Hello

Could you point me to some resources for studying:

Optimal design / specification for lattice-frame booms loaded in pure

compression - as you would find for classic derricks (gin-pole,

stiffleg-derrick, ...).

Can't carry books with me, so favour on-line learning resources.

I have studied trusses before (lattice frame loaded in beam) - for

small foot-bridge. I'm a metallurgist (scientist) and welder.

Already learned engineering concept that for compression members the

compression load limit may (is likely to be) limited by instability

(failure by local bucking) at below the compression yield force given

the cross-sectional area.

Anyone tell me about my conjecture and whether it is overcomplicated

(there's simplifying factors) or incomplete (there's other things to

be considered) or whatever...

My guess is that for a given mass per unit length, starting from a

very slender boom, the wider the spacing in cross-section of the

longitudinal members the higher the load-carrying capability - until

compression instability of the longer straight lengths of the lattice

"triangle sides" dominates and the optimum spacing of the longitudinal

structurals is passed. Then I have no clue what is the optimal size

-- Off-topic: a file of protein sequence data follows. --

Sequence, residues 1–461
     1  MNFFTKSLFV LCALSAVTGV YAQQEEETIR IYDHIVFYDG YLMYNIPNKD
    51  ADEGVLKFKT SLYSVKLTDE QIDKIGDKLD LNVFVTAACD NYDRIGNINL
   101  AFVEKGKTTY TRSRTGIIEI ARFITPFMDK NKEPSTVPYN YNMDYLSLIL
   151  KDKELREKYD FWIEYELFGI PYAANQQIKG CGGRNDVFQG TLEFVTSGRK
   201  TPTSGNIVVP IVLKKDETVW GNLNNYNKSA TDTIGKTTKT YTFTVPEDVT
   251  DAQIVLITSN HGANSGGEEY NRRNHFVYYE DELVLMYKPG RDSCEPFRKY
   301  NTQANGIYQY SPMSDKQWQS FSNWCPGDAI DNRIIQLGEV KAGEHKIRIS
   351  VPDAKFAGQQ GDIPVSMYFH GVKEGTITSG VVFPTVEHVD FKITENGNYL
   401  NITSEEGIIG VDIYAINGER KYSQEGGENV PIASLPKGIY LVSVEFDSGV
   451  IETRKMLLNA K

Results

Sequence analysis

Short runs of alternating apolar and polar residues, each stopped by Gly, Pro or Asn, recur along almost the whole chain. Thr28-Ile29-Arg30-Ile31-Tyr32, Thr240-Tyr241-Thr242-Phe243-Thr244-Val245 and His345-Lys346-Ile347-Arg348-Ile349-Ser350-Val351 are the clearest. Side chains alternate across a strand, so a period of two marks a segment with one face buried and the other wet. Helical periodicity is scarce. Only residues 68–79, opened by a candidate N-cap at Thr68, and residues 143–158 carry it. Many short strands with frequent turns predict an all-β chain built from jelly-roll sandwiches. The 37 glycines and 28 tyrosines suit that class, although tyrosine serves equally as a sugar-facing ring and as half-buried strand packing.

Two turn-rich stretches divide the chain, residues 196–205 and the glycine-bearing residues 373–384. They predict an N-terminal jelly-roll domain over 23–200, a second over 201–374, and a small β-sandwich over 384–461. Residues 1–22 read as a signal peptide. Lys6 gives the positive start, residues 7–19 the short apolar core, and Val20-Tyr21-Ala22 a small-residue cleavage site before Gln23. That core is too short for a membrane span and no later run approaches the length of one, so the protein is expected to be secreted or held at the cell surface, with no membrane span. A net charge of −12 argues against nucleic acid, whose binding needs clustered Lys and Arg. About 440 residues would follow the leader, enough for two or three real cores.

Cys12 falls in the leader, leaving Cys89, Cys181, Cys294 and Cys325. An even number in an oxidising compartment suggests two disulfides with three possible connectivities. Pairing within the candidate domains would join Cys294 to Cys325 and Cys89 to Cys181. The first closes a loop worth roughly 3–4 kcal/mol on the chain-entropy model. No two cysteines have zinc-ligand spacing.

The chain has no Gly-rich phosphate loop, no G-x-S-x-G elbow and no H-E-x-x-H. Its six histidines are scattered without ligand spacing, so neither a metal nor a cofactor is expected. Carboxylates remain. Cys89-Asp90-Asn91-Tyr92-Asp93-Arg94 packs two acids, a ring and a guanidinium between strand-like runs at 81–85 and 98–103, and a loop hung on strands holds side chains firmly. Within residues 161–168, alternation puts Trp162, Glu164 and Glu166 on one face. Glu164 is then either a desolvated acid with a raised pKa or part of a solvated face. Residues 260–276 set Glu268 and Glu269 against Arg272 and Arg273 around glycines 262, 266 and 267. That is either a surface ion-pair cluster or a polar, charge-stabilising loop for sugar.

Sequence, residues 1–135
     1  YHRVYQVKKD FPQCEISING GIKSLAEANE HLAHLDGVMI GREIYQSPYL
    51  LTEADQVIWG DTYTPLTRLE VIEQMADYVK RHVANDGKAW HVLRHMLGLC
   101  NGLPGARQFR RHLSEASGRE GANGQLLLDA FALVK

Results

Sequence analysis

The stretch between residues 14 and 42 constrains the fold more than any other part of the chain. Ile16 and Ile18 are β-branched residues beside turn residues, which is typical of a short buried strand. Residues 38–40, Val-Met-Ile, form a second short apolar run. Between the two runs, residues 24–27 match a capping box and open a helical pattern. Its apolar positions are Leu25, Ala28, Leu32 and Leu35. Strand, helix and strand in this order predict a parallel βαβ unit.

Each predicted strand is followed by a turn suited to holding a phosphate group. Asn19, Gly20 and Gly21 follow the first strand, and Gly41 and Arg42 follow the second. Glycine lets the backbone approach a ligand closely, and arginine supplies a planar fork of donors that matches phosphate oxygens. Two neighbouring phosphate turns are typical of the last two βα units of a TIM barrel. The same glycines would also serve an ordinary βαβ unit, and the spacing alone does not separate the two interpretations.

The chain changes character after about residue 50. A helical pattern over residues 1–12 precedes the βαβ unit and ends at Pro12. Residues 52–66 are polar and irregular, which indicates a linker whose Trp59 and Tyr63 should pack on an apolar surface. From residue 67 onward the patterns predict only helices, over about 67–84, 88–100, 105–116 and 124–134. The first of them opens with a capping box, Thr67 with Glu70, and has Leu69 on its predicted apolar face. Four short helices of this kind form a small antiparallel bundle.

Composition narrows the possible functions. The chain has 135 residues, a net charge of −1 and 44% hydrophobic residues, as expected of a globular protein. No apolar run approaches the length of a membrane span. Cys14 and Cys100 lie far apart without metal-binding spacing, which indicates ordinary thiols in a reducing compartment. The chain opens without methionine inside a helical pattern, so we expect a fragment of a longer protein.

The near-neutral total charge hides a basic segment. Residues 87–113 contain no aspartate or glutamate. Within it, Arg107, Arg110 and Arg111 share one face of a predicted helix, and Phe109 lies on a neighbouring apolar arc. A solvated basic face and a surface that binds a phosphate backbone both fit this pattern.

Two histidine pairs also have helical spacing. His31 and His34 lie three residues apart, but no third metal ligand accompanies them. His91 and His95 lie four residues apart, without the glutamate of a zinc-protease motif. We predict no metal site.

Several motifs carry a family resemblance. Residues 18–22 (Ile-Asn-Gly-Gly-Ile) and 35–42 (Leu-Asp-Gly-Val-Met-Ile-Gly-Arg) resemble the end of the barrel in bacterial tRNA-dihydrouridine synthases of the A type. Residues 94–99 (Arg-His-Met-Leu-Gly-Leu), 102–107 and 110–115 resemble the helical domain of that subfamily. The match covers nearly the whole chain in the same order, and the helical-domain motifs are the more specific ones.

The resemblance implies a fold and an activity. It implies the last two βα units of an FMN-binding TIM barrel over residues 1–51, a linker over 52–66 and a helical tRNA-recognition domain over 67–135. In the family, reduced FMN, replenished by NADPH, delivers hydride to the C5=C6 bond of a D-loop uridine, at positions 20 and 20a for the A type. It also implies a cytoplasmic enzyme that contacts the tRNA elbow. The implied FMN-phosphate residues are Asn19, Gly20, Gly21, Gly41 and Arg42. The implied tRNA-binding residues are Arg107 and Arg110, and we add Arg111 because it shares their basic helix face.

of tube - for given mass per unit length the tube is stiffer if larger

diameter but if of larger diameter it must have smaller wall thickness

- hence buckling instability would limit how big is beyond optimum.

Then there is plastic design and damage tolerance which might make

smaller thicker tubes attractive for real applications.

Square cross-section (four longitudinal members) or triangular

cross-section (three longitudinal members)?

I'm thinking in the few metres length range. And makeable given a

stack of tube and a MIG, stick or TIG-welding machine

Haven't found anything in Blodgett "Design of welded structures" (US)

or The Steel Construction Institute's "Steel Designers; Manual"

(UK). (?)

If I came by a way of optimal and achievable design I might be able to

do some tests making and compressing some samples over the winter

season.

Richard Smith

- posted 12 years ago